Based on a conversation I’m having elsewhere, I offer the following alternate way of thinking about our current deficit, and why the preferred Republican theory of deficit reduction (cut entitlements) is so fundamentally dishonest. This gets ever-so-slightly into the weeds of how the US budget works, so bear with me.
Broadly speaking, US taxes get go into three buckets. Medicare and Social Security have their own dedicated funding sources (if you have a look at your paycheck, you’ll see these), and these represent the first two buckets. The other bucket is the general fund, which pretty much covers everything that isn’t Medicare or Social Security; this is where your income taxes (as well as things like capital gains and corporate taxes) go. The deficit we have today – the trillion dollar shortfall that Republicans like to talk about ad nauseum – is in the general fund. Neither Medicare nor Social Security are currently running a deficit, though the trustees of these programs predict that in the future they will (more on this in a few moments). The general fund deficit is – as I’ve mentioned previously – almost entirely due to the output gap and the Bush tax cuts. Fix those two things, and you don’t have much of a general fund deficit at all.
Thus, observe the fundamental dishonesty of Republican attempts to fix the deficit: blow a giant hole in the general fund (via the Bush tax cuts and two off-budget wars (paying for the wars in Afghanistan and Iraq were never included in the budget; for PR reasons these were covered by separate appropriations so that their cost could be divorced from the actual budget)), and then after creating the hole insist on making cuts to currently solvent social insurance programs to close it.
It is true that on a multi-decade time horizon, both Social Security and Medicare are projected to be in deficit. This is owing not to these programs generosity (by first world standards Social Security is quite stingy), but rather due to a) a change in the proportion of retirees to workers, exacerbated by a trend toward labor’s share of income decreasing (payroll taxes apply only to wages, capital gains are exempt. There is evidence that capital is earning an increasing share of income, which means that tax revenue based on wages will necessarily decline) and b) healthcare cost inflation. With regards to a, fairly modest changes to the payroll tax and slight adjustments to benefits solve Social Security’s problems in perpetuity; with regards to b) no amount of cuts saves us; eventually the healthcare system devours the entire domestic economy. This is why we need real healthcare reform.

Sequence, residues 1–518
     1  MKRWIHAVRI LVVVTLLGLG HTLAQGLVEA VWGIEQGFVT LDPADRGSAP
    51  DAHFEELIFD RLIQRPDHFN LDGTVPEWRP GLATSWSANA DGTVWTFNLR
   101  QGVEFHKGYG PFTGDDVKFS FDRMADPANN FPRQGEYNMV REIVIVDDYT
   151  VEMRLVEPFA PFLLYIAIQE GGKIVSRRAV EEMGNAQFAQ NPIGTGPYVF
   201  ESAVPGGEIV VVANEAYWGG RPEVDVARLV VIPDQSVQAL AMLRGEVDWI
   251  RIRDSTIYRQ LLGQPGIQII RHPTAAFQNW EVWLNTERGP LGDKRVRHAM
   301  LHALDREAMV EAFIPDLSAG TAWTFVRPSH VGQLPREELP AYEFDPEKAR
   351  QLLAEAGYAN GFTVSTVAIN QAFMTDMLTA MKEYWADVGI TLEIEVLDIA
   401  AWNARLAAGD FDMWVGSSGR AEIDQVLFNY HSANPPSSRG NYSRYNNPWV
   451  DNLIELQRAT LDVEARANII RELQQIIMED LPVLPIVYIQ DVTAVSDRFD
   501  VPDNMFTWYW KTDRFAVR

Furthermore: it probably does not make sense to address problems that are decades away. On a multi-decade time horizon, the economy (both macro and political) will be dominated by unpredictable events. Pick any year in the twentieth century, and imagine trying to predict where the US would be thirty years later. It’s impossible to come up with anything that represents where we ended up. There’s a very compelling argument to be made that we shouldn’t move to try and fix Social Security and Medicare until they’re actually facing a shortfall, because there’s a decent chance that random events will erase or postpone the shortfall, whereas if we fix it there is a (probably rather high) chance that Congress cocks up the fix anyway in the future. Remember, there’s nothing Congress can do today that tomorrow’s Congress can’t undo!